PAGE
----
Tuesday, July 12

Setting, Situation, Scene . . . Continued

Yesterday, Liz talked about using the same settings and situations from novel to novel and I was fascinated with the idea. Of course, I immediately looked to my own writing, searching for situations and settings that I use regularly. I found some, but before I tell you about them, I just want to say that I think that is the nature of writing. We write what know, as Liz pointed out, and what we love. Our own lives and our own settings will be reflected in our stories.

Good examples of that are not only our Liz Flaherty's novels, but also Douglas Kennedy's books. One of my favorite authors, his cosmopolitan lifestyle shows up in every book he's ever written. And think about Stephen King's novels and how they reflect his quiet, shuttered life in Maine. Danielle Steele's novels almost all take place in San Francisco or Paris, where Steele has homes. Most authors write what they know and love.

I do it, too. Lakes play a huge role in my writing, and not just because the Women of Willow Bay is a series set on the shore of Lake Michigan. My characters need the water the same way I do. They walk the beach and find peace and joy in sunsets over the lake. Even when I write a book that isn't in Willow Bay, there will be a lake, I promise.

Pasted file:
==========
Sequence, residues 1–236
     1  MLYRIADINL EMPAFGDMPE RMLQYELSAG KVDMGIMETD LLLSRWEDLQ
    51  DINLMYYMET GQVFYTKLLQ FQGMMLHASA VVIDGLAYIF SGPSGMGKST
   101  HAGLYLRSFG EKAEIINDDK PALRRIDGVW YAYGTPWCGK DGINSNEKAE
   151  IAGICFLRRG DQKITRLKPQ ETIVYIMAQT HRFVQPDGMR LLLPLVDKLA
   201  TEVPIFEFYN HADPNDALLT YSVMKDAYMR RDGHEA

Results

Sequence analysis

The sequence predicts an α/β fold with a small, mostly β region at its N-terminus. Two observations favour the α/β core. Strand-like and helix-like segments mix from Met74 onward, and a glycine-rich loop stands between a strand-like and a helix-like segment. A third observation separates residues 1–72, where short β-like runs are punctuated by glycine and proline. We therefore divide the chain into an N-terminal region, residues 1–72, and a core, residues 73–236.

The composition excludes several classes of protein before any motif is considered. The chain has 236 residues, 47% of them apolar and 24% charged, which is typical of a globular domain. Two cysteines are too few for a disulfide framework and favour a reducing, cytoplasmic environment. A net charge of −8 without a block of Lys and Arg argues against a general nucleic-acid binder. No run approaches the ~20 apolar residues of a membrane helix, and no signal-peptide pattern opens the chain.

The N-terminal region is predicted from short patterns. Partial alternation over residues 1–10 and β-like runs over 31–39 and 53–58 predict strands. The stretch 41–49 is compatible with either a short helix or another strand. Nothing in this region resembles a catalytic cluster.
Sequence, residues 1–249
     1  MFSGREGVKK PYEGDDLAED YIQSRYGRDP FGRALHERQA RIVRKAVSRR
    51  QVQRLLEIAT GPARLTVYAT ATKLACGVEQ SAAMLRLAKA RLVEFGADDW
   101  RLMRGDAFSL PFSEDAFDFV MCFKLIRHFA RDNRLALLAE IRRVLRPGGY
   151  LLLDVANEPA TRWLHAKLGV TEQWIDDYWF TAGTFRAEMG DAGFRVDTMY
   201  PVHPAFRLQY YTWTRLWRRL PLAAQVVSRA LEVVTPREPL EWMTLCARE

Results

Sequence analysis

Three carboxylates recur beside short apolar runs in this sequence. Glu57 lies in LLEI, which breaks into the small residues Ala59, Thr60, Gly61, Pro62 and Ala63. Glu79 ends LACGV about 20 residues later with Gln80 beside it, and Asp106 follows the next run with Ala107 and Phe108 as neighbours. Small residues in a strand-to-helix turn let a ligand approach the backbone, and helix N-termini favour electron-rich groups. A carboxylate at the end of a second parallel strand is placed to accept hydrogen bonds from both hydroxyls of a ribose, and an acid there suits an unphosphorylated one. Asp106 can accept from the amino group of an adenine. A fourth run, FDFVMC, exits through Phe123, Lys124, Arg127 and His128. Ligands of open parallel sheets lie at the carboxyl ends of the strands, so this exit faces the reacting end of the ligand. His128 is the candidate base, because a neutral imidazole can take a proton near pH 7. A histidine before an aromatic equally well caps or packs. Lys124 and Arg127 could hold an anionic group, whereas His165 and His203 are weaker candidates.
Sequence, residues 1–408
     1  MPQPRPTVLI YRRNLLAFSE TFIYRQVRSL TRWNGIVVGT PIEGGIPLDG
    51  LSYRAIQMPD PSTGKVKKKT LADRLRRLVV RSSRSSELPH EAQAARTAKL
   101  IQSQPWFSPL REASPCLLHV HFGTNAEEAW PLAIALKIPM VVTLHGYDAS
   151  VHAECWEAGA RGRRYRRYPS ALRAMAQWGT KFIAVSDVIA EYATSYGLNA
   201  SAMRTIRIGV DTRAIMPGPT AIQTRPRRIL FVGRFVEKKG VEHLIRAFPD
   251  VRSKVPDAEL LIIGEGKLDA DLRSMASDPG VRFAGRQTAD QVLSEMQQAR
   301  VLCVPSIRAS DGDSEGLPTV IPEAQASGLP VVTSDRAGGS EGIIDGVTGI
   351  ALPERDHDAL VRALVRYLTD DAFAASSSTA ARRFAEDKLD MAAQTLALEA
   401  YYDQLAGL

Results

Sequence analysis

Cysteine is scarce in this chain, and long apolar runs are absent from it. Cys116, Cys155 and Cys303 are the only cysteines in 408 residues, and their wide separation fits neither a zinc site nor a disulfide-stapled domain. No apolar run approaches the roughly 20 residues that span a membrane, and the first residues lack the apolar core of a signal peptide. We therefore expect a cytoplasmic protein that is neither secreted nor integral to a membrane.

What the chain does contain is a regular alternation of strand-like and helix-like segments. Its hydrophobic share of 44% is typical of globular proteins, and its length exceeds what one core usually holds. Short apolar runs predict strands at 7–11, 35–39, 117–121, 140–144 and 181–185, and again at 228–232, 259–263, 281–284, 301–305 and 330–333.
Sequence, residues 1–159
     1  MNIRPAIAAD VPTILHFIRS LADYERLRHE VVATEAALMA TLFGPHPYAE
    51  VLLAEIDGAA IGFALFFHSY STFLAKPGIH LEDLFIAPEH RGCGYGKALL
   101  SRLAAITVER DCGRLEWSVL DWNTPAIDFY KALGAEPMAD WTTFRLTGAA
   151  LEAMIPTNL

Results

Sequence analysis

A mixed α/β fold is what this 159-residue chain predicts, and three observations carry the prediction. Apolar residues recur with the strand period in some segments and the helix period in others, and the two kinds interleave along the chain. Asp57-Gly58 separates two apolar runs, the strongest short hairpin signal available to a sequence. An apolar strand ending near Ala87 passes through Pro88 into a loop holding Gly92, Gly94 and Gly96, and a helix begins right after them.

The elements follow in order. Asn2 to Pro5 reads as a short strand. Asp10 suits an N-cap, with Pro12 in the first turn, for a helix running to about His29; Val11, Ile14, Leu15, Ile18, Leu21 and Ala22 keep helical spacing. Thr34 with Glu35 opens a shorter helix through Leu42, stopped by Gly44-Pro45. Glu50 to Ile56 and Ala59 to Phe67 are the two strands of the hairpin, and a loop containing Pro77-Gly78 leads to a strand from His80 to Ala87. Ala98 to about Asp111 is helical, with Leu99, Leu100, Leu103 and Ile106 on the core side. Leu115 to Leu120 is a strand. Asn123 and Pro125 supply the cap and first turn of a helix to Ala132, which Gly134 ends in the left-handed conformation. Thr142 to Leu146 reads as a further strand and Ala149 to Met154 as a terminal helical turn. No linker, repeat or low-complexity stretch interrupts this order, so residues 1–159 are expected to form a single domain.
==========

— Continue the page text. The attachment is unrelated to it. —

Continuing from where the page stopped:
Wine--it's a part of everything I write because it's a part of my life. Delicious meals with wine show up in my books. I love trying different foods and I eat a lot of fresh vegetables and fruit and fish, so my characters do too. And like Liz, my characters almost always end up in a kitchen at some point. A cooking scene can build a relationship and so can a coffee shop scene. The Daily Grind, the coffee shop in Willow Bay, is the setting for a couple of pivotal scenes in the WOWB books.

Community and girlfriends. I love the feeling of community, even if it's in a big city, so that shows up in my stories. And girlfriends--oh, babies, I can't live without my BFFs, and neither can my heroines. Women taking care of each other is an important theme for me, so I don't write competitive heroines who will cat-fight over a man. My heroines are more likely to say, "Meh, you take him," and then share a glass of pinot noir and some cheese and crackers on a deck overlooking the lake.

So, Liz's question still stands: Do you have situations or places that repeat from story to story? Share them with us and explain why you write them. Wranglers are still curious!


  1. I'm with you on girlfriends. They are the reason I love women's Fiction as much as I do, I think.

    1. Yeah, I think that's probably the reason I love WF too!

  2. "Meh, you take him" LOVE IT! ;-)
    Since I write hot, I guess I could say bedrooms play a repeat appearance in my books. Seriously, I haven't noticed a theme of setting but I do try to incorporate wine & spirits into my books. great post!

    1. Thanks, Ava! Funny how wine makes an appearance in both of our stories, eh?